Sandy’s Garden ... How to fail with roses

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We grew roses in the garden of the house that was our first married home.

We didn’t grow roses because we knew much about their cultivation. We grew roses because both my wife and I grew up in homes where there were rose bushes in the garden. We grew roses because we both like rose blooms. And, for as important a reason as any newly-wed couple might advance, we grew roses because we were told about a chap in Winchburgh who sold rose bushes for a very modest price. With every penny a prisoner, modest prices made any sort of garden plant attractive. So we planted roses.

We learned the hard way that roses are not entirely undemanding plants, despite this quote from an internet site dedicated to the art and craft of rose-growing. “Growing roses requires no gardening skills or experience. Essentially, there are three easy steps: 1. Choose the right rose for your space. 2. Plant your rose where it will get at least six hours of sun each day. 3. Water regularly. Voila - your roses are off to a healthy start.” Well, I suppose we missed the first step of this three-step process, for we chose our varieties because they were available and cheap, not because they were the right varieties for our soil and our situation. By happenstance, we actually got the second step right, for we formed our rose bed in an exposed part of a south-facing garden, so our plants enjoyed the sun whenever it shone. But that no doubt contributed to our stumble over step three, for we were both working full-time; we had all the housework to do at the weekend; and watering the garden came pretty low down the order of priorities, somewhere after doing the washing, cleaning the house, visiting parents and in-laws and doing the greater part of the week’s shopping.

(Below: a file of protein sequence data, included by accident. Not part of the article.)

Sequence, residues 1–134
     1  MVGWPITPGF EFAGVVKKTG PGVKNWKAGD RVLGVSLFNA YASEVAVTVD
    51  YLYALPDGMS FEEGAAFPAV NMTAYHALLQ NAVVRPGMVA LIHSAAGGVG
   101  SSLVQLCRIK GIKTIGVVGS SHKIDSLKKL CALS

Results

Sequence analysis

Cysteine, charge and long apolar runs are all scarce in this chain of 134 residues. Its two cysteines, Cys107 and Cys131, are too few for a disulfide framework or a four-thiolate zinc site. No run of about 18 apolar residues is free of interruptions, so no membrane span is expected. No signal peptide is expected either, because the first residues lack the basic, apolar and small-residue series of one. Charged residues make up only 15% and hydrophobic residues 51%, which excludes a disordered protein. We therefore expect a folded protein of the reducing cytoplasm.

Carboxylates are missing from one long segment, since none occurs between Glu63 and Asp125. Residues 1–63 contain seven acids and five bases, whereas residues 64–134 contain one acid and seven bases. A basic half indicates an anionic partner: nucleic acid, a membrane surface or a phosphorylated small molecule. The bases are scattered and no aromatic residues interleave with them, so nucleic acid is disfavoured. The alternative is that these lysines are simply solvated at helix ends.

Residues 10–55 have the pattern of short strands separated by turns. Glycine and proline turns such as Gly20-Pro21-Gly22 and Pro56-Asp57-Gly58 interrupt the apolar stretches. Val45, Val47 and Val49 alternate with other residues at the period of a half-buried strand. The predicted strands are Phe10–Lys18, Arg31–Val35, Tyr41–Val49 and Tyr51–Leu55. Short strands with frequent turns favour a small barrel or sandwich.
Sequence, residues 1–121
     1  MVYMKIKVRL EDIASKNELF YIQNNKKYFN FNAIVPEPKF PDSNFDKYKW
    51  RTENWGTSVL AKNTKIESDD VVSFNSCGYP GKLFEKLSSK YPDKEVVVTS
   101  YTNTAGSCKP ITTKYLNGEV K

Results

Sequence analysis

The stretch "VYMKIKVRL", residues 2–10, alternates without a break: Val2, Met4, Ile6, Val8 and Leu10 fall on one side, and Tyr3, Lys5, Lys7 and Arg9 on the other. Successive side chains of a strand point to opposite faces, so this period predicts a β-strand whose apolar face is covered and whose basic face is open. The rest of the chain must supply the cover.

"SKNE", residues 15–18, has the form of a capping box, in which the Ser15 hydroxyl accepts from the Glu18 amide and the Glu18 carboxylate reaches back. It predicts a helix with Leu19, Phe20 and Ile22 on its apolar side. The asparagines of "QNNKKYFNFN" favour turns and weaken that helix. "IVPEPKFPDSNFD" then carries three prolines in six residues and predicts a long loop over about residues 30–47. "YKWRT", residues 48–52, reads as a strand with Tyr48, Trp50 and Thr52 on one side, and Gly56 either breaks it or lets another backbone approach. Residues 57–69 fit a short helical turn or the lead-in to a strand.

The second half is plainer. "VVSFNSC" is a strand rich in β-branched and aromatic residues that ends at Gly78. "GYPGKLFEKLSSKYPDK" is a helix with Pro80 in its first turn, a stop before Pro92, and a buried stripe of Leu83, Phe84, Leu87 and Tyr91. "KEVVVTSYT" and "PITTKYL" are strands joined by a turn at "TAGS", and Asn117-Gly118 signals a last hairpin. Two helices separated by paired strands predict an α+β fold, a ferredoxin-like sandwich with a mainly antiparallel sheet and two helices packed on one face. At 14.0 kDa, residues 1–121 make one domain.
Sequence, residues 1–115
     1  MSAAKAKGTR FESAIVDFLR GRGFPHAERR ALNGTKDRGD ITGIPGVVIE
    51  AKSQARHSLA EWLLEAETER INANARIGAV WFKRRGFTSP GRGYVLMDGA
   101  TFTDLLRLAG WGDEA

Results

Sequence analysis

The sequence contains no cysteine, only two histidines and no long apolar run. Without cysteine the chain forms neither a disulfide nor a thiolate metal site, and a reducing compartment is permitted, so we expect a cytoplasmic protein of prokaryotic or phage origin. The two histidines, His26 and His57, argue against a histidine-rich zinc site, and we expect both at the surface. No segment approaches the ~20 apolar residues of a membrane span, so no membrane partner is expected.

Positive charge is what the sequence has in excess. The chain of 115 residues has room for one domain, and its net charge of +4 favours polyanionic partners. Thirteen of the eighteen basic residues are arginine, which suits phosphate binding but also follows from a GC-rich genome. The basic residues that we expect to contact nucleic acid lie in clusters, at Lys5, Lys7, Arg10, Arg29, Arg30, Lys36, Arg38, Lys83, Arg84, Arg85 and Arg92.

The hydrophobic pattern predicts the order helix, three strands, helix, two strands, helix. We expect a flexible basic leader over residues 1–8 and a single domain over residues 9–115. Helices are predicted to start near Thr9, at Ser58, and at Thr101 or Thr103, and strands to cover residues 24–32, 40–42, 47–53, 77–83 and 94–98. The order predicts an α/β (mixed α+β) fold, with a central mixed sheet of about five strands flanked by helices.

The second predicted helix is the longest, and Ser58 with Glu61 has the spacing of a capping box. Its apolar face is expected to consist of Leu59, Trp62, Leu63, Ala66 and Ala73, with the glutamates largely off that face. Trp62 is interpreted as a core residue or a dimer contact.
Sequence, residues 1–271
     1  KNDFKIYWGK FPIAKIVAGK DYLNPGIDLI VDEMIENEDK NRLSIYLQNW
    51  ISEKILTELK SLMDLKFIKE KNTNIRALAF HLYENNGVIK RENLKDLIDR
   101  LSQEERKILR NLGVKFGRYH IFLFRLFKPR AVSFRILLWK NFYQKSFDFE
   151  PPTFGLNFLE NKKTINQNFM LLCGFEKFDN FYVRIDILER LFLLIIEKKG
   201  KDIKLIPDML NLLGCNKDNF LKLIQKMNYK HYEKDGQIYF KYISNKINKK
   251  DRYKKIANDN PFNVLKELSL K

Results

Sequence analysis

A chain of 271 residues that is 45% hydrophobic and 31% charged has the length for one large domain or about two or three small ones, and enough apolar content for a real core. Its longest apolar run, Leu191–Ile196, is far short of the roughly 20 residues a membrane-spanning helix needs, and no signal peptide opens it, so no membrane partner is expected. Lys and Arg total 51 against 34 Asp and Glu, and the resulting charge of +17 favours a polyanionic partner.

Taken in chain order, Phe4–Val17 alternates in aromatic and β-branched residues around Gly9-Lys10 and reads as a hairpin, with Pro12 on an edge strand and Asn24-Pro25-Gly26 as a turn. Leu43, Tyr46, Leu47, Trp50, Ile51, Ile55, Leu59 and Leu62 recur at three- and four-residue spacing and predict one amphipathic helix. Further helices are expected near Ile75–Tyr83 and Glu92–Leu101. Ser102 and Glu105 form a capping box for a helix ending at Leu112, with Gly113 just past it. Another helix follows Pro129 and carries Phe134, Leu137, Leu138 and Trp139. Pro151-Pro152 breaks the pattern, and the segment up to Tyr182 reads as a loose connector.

We also were trying to garden in heavy clay, a growing medium that compressed to the solidity of concrete if it was stepped on … and try spraying, or pruning, or deadheading rose bushes in a rose bed without treading on the soil! Ah, had we but known that we should have checked the drainage by digging a hole in the prospective rose bed, filling it with water and observing how long it took for the water to drain away. However, on reflection, we might have been waiting yet for the water to seep through that impermeable clay. And the remedies … adding substantial quantities of compost or shredded bark … were impossibly expensive.

Now let’s consider the single most important criterion that should have guided our selection of bushes. We should have selected top-quality plants. Easily-said and undoubtedly true: but that was not a luxury we could afford. And, of course, we should have cared for them properly. Well, setting aside the fact that our roses were planted in solid clay that was concrete-hard on the surface in dry weather and puddled in wet weather, we failed to mulch the bushes generously, we failed to fertilize them regularly and we didn’t appreciate the plants’ need for protection from the winter wind in their sunny, but exposed site. And our attempts at pruning were what we might nowadays term a joke, accepting that any serious rose-grower would be reduced to tears by this ‘joke.’ We know … now … that a good time to begin pruning a rose is after the last frost should have passed and the buds have begun to swell; that we should have worn rose or leather gloves to protect our hands from thorns; and we should have protected our arms and legs. We should have had a good pair of secateurs and a pair of long-handled loppers, both of the bypass style which dah-de-dah-de-dah ...

Need I go on? Lack of knowledge, lack of tools, lack of money, lack of time. That’s how to fail with roses!